Dickens, Charles.  Household Words, Volume XI.  Dix & Edwards, New York, 1855.

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2004 Moët & Chandon, Grand Vintage Brut, Champagne
There was a firm touch with firm bubbles, flavors of apple, spice then a textured mousse.  There was acidity on the sides of the tongue with a darker aftertaste.

2002 Moët & Chandon, Cuvée Dom Pérignon, Rosé, Champagne
There were dried rose flavors with textured, large bubbles which expand in the mouth with a gentle weight.  This was very fresh with textured acidity on the ti of the tongue.  This was a lovely, minerally wine with a drier finish and subtle lees note.  Very special.

1996 Moët & Chandon, Cuvée Dom Pérignon Oenothèque, Champagne – $399
The nose was intent with more piercing and precise aromas, finely articulated, and improved with warmth.  In the mouth the flavors were richer with mature nose, spices, and a white wine-like nature.  Undeniably beautiful with balance, long aftertaste and haunting flavors.  Still youthful.  Outstanding.

1992 Moët & Chandon, Grand Vintage Brut, Champagne – $299
The color was surprisingly youthful.  There was a spiced texture to the flavors, almost gravelly.  There was dry flavors, some ripe spices, yellow fruit, and fresh acidity.  Young with potential for continued development.

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“You may depend upon it, we all did justice to the good things, and as we washed them down with bumpers of sparkling Krug, whilst we sped along at the rate of thirty miles an hour, agreed it was the fastest living we had ever experienced.  (We beat that, however, two days afterwards when we made twenty-seven miles in twenty-seven minutes, while our Champagne glasses filled to the brim spilled not a drop!)”

Twain, Mark.  Roughing It.  American Publishing Company, Hartford, Connecticut. 1872.

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2000 Krug, Brut, Champagne – $359
The nose was interesting with aromatic pungent and floral aromas.  The mouth followed the nose with a vibrant quality on the lips and tongue which matched the textured bubbles.  They readily burst into a very soft mousse with the lees persisting into the aftertaste.  The acidity was on the sides of the tongue with a chalky finish and a hint of tartness.  The aftertaste was very long.  Outstanding.

NV Krug, Brut Rosé, Champagne – $299
This had a lees start with softer bubbles and gentle mousse which faded quickly.  The acidity hit the tip of the tongue with a riper start and drier, textured finish.  So easy to drink.

1989 Krug, Brut Collection, Champagne – $659
This was a nutty, golden color in the glass.  The nose was complex with mature aromas, lees, and mushrooms. In the mouth there were earthy, mature flavors mixing with a tickle of bubbles and mousse.  It picked up liveliness in the finish which was followed by a soft, gentle aftertaste.  A very beautiful, nutty old wine which first captivates you with its nose.  Outstanding.

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2009 Terrazes de los Andes, Malbec, Las Compuertas, Lujan de Cuyo – $59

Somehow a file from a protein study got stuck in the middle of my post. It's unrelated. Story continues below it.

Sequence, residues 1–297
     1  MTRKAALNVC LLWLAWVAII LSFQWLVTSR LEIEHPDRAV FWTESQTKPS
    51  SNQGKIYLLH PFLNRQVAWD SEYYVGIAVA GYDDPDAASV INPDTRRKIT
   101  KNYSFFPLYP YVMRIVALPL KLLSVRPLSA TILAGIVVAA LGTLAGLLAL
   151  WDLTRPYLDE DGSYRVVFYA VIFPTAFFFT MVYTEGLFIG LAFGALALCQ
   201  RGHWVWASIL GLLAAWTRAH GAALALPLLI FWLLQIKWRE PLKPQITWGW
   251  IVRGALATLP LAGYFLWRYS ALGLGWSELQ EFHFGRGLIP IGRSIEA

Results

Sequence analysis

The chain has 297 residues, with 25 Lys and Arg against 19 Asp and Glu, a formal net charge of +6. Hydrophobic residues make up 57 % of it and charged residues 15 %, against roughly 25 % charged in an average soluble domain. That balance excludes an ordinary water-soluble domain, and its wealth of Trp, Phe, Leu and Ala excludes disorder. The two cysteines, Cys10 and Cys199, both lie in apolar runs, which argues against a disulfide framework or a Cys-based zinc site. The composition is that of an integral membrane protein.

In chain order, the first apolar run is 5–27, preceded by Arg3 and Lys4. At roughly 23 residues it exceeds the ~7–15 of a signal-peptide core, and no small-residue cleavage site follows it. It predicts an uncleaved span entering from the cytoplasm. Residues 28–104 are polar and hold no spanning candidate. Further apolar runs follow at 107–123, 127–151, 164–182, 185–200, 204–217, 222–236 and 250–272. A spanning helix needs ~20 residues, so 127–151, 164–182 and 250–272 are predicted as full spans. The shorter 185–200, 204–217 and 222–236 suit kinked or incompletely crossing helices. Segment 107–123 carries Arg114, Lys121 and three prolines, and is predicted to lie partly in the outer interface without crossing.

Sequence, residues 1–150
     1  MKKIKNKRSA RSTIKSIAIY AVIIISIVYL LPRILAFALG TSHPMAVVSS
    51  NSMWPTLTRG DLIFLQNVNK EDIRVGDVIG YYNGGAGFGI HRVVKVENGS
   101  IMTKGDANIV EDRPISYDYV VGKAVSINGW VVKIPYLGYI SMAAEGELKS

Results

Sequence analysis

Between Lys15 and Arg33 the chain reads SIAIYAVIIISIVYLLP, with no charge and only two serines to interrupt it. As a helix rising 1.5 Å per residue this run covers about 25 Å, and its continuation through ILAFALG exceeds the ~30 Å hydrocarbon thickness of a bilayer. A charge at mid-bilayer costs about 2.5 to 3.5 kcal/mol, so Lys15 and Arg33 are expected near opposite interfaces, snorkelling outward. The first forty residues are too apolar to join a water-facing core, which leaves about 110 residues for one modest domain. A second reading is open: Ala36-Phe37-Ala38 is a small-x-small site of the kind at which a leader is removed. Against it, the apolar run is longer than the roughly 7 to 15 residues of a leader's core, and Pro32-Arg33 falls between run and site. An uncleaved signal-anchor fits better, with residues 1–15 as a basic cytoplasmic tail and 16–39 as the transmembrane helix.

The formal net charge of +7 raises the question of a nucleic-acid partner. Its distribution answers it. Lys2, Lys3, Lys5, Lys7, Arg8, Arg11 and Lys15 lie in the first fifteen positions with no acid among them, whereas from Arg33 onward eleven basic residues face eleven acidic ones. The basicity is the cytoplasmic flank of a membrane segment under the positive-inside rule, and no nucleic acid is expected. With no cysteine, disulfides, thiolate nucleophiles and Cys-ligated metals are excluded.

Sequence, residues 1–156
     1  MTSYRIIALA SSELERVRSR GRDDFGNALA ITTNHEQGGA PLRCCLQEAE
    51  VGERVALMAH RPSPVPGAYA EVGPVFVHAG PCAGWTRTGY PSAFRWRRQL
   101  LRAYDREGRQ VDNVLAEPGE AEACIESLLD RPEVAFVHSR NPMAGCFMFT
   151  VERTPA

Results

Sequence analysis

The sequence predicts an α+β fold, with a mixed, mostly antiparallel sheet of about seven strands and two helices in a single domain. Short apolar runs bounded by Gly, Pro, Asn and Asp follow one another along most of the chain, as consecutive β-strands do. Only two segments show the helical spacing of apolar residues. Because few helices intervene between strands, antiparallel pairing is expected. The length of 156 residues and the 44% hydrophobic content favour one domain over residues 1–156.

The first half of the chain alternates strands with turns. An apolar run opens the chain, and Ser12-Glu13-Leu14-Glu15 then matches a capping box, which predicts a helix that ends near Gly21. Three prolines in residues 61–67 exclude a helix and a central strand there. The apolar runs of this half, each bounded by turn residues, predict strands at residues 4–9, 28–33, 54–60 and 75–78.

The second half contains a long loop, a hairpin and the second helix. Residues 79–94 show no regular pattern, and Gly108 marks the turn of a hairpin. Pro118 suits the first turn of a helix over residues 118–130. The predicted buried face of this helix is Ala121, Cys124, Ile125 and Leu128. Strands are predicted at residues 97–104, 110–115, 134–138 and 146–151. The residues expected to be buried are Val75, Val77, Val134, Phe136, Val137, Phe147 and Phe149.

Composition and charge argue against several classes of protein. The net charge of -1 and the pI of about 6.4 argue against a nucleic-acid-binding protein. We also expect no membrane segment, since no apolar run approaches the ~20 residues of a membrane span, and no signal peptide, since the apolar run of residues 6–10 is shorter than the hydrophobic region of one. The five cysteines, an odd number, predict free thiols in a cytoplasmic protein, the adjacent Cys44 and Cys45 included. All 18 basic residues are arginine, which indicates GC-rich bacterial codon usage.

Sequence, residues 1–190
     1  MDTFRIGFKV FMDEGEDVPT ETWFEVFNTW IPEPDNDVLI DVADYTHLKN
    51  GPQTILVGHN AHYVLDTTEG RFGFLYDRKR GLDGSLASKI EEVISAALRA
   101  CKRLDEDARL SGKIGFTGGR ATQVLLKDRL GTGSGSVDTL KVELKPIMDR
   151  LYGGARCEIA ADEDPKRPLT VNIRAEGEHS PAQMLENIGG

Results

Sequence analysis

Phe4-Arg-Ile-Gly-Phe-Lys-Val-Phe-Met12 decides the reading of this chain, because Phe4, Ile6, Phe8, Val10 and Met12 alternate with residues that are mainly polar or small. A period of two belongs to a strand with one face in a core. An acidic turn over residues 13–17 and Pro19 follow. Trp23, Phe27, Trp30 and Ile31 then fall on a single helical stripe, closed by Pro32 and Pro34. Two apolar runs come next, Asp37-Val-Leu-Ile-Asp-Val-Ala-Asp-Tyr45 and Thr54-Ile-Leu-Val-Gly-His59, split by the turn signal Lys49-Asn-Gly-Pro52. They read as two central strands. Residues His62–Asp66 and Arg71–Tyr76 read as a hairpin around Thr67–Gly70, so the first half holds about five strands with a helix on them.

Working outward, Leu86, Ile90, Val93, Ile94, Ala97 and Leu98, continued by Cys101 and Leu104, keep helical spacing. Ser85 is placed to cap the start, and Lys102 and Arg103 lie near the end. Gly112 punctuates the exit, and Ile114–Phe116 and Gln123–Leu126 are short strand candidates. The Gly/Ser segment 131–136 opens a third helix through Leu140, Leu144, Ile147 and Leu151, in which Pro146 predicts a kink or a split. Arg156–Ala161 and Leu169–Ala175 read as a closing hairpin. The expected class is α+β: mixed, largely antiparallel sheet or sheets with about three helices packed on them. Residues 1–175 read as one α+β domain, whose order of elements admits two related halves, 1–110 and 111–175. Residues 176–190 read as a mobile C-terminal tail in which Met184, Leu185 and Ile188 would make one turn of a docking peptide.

The nose was subtle and a little pungent with red fruit aromas.  There was a savory start in the mouth then racy, rich, grapey flavors came out and felt textured in the lips.  This youthful wine mixed with ripe spices.

2007 Cheval des Andes, Vistalba, Lujan de Cuyo – $59
The nose was darker and more pungent, with dark, weighty berry aromas.  The flavors were thicker in the mouth with surprisingly foggy expansion.  There was plenty of flavor with a subtle structure made from ripe tannins.  The red and black flavors became tart with a little racy aspect in the finish.  The structure came out in the aftertaste along with salty, black fruit.

2009 Bodega Numanthia, Termanthia, Toro – $260
This was more complex with focus to the dark fruit, vanilla and smoke notes.  There were fine tannins, dark roast notes, a hint of lipstick, and some spices in the dry finish.  It did manage to keep some focus, making for a fine, seductive drink.  I should know for I went back to finish the last bit of the bottle!

2008 Bodega Numanthia, Numanthia, Toro – $55
This was salty with obvious structure and very fine tannins.  Though very focused and a bit young at this point, it maintained attraction.

David, Frank, and the author

David, Frank, and the author

Two Budget Friendly Wines

These two wines are not only tasty but are affordably priced.  The Domaine de Cambis is $13 and the Bodega Luigi Bosca is only $10 at MacArthur’s!!!  I recommend both of these wines.  They fit the bill whether you need an affordable daily drinker or several cases for a summer party.

2010 Domaine de Cambis, La Vie en Rose, Saint-Chinian
This wine is a blend of 70-80% Cinsault and 20-30% Syrah from old vines.  This rose wine has a color of salmon.  This wine needs time to open up and should be served warmer than refrigerator temperature.  After an hour of air the red berries and minerality really develops leaving a lovely, sweet minerally flavor that coats the lips.  There is nice weight to the fruit, lots of enlivening acidity, and tart/sour red berries that makes you want to drink more.

2009 Bodega Luigi Bosca, Finca La Linda, Tempranillo, Mendoza
This wine is 100% Tempranillo sourced from the Finca Don Leoncio vineyard at 780 meters.  The vines average 20 years of age.  The wine was aged for six months in American oak casks.  This wine has a nose of ripe black fruits and black plum. In the mouth the plum flavors continue with a powdery ripeness and some up-front grip.  The flavors turn softer in the finish as some roast earth notes mix with medium strength tannins on the tongue.  There is a lot of flavor in this modern wine!  While it could use a bit more acidity this is a pleasing wine and a strong value.